The outputs created by participants, group working, developing relationships with people from different disciplines, increased links with Glasgow Science Festival and the personal and professional development were all extremely positive outcomes from the module.

What didn't work so well?

The administration of the programme proved to be time consuming and will be streamlined for the 2014 module. We are proposing to provide additional clerical support for each of the workshop facilitators in 2014.

The chosen venue for our Engage! mini-conference did not meet our needs due to an increase in our participant numbers.

Participants who wished to undertake the optional workshops were asked to complete a form providing their workshop choices by preference with an explanation to support their choice. It became apparent that the process had been misunderstood by some, who did not realise their explanation would have an effect on whether they would be allocated a place on their chosen workshops. This process will be made clearer for the next delivery of the module.

As the module ran through May and June, attendance for the final evaluation sessions was not as high as expected, therefore we are looking for ways in which to achieve a higher attendance rate for 2014.

Due to the success of the module, the University is currently in the process of setting up ring-fenced funding, which will be made available to those participants who wish to continue to develop their public engagement activities.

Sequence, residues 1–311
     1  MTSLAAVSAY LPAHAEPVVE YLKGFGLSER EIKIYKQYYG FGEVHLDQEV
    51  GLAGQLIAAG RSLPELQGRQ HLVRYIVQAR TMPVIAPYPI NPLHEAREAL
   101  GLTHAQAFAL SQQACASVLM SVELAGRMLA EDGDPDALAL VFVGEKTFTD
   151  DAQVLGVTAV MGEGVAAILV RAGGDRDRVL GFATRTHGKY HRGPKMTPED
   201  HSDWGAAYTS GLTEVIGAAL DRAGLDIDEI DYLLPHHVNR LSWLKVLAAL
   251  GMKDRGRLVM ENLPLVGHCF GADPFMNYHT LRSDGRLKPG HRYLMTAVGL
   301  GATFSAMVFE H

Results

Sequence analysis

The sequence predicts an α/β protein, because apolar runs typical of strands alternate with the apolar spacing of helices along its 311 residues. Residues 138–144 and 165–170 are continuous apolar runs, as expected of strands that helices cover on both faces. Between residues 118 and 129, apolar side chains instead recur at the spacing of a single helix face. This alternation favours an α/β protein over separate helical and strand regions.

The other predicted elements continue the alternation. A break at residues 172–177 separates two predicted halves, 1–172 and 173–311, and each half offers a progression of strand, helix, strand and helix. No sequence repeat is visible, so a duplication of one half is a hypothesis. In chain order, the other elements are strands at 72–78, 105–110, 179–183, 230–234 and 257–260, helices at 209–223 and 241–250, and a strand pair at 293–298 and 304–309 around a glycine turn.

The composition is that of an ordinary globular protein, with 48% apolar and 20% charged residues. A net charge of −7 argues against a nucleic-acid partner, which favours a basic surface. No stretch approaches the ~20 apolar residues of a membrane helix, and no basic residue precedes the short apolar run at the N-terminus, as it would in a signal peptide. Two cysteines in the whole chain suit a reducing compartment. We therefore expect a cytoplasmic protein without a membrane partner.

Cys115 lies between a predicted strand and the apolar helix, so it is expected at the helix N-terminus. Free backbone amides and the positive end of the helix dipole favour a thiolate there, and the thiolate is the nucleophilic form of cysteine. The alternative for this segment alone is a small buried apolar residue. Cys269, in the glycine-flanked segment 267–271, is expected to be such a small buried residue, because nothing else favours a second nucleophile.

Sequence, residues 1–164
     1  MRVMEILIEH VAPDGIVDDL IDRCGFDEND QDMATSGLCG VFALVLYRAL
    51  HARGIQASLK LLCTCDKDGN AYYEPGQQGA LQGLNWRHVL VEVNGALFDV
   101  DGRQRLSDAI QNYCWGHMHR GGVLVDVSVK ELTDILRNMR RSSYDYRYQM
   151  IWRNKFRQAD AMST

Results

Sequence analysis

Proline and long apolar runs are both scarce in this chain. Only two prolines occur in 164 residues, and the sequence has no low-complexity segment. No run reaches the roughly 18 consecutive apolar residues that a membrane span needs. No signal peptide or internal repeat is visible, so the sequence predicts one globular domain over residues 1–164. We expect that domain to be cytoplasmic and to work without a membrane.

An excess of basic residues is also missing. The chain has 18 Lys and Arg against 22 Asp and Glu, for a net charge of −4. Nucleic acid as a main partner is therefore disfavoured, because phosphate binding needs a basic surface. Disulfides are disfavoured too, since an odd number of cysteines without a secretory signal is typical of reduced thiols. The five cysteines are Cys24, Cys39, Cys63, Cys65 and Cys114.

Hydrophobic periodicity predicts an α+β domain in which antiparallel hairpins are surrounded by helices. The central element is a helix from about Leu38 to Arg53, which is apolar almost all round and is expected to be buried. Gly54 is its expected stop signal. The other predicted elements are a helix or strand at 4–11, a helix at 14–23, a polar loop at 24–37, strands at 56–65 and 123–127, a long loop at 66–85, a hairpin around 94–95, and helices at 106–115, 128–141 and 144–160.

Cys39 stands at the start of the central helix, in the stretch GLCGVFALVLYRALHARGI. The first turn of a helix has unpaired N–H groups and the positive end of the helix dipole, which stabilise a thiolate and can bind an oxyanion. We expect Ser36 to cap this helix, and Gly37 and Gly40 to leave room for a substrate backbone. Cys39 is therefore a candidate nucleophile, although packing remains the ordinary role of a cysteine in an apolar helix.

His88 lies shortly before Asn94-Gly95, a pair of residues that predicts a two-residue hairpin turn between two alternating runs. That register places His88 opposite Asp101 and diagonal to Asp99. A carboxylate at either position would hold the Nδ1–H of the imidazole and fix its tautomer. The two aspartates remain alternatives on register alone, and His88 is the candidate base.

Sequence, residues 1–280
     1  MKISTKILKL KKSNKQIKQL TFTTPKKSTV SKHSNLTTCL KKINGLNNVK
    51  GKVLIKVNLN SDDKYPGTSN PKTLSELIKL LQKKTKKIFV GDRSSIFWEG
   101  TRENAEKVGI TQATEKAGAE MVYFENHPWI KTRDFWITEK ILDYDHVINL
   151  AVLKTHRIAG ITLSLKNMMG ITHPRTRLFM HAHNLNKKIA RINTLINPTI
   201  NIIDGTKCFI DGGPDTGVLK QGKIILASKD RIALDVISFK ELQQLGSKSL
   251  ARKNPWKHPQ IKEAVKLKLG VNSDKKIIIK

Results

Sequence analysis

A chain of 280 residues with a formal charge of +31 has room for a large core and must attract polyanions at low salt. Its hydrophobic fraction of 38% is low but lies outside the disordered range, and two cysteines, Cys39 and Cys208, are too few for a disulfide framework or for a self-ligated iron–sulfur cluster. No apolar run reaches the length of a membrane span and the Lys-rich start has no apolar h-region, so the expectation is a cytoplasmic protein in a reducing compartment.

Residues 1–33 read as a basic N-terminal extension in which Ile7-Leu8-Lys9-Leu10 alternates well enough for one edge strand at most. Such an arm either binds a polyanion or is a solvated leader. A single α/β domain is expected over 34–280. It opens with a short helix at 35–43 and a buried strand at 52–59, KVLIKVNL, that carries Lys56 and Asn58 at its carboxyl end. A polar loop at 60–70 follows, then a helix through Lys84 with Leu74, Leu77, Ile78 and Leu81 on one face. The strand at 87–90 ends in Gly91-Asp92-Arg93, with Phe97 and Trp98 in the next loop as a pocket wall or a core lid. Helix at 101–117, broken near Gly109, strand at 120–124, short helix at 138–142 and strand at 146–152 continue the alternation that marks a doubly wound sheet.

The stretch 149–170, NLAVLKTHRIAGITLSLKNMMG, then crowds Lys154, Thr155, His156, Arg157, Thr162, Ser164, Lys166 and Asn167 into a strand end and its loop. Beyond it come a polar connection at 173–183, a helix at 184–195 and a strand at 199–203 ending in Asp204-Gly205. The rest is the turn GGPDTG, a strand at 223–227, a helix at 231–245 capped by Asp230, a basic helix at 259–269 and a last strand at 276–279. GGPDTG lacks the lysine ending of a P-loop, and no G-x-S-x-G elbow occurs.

Methods

Becoming and Engaging Researcher was evaluated in two stages.

All participants attending the Engage! mini-conference, were completed an evaluation form at the end of the event, then workshop participants did the same. Both sets of evaluations were then inputted into our Development and Training Gateway which allows us to view the scores and comments in an easy to read database. This information was then collated into a final evaluation report and disseminated to the Steering Group for review.

A final debrief meeting was also held with the Steering Group to discuss potential scope for improvement to the 2014 module.

Resources required

  • Time – the Steering group met from October 2012 – June 2013 to devise and develop the module
  • Adequate funding to support the full programme
  • Steering group committee
  • Administrative team to support the main module and individual workshops
  • Suitable venue and facilities to support the mini-conference and workshops

Top tips

  • Inviting a guest speaker who is high profile to draw in participants
  • Creating a programme of speakers for the mini-conference which incorporates University wide involvement from all faculties
  • Hold monthly meetings with your steering group to discuss the organisation and assist in troubleshooting
  • Partnership with other organisations e.g Glasgow Life, Glasgow Science Centre and Glasgow Science Festival
  • Ensure the module requirements are communicated to the participants as clearly as possible from the outset

Strathclyde team

 

 

 

 

 

 

 

 

Becoming an Engaging Researcher Steering Group committee with guest speaker Simon Watt.

From left to right: Derek Shirlaw – Glasgow Science Centre; Ashley Jackson; Alan Boyd; Simon Watt – Ready, Steady, Science; Carol Trager-Cowan; Claire Nimmo;  Linda Thomson; Mark Haw - University of Strathclyde.

Contact

Ashley Jackson

Ashley is a Public Engagement Ambassador, find out more about her here.

Email: ashley.jackson@strath.ac.uk

Tel: 0141 5484995

Website: www.strath.ac.uk/rdp/engage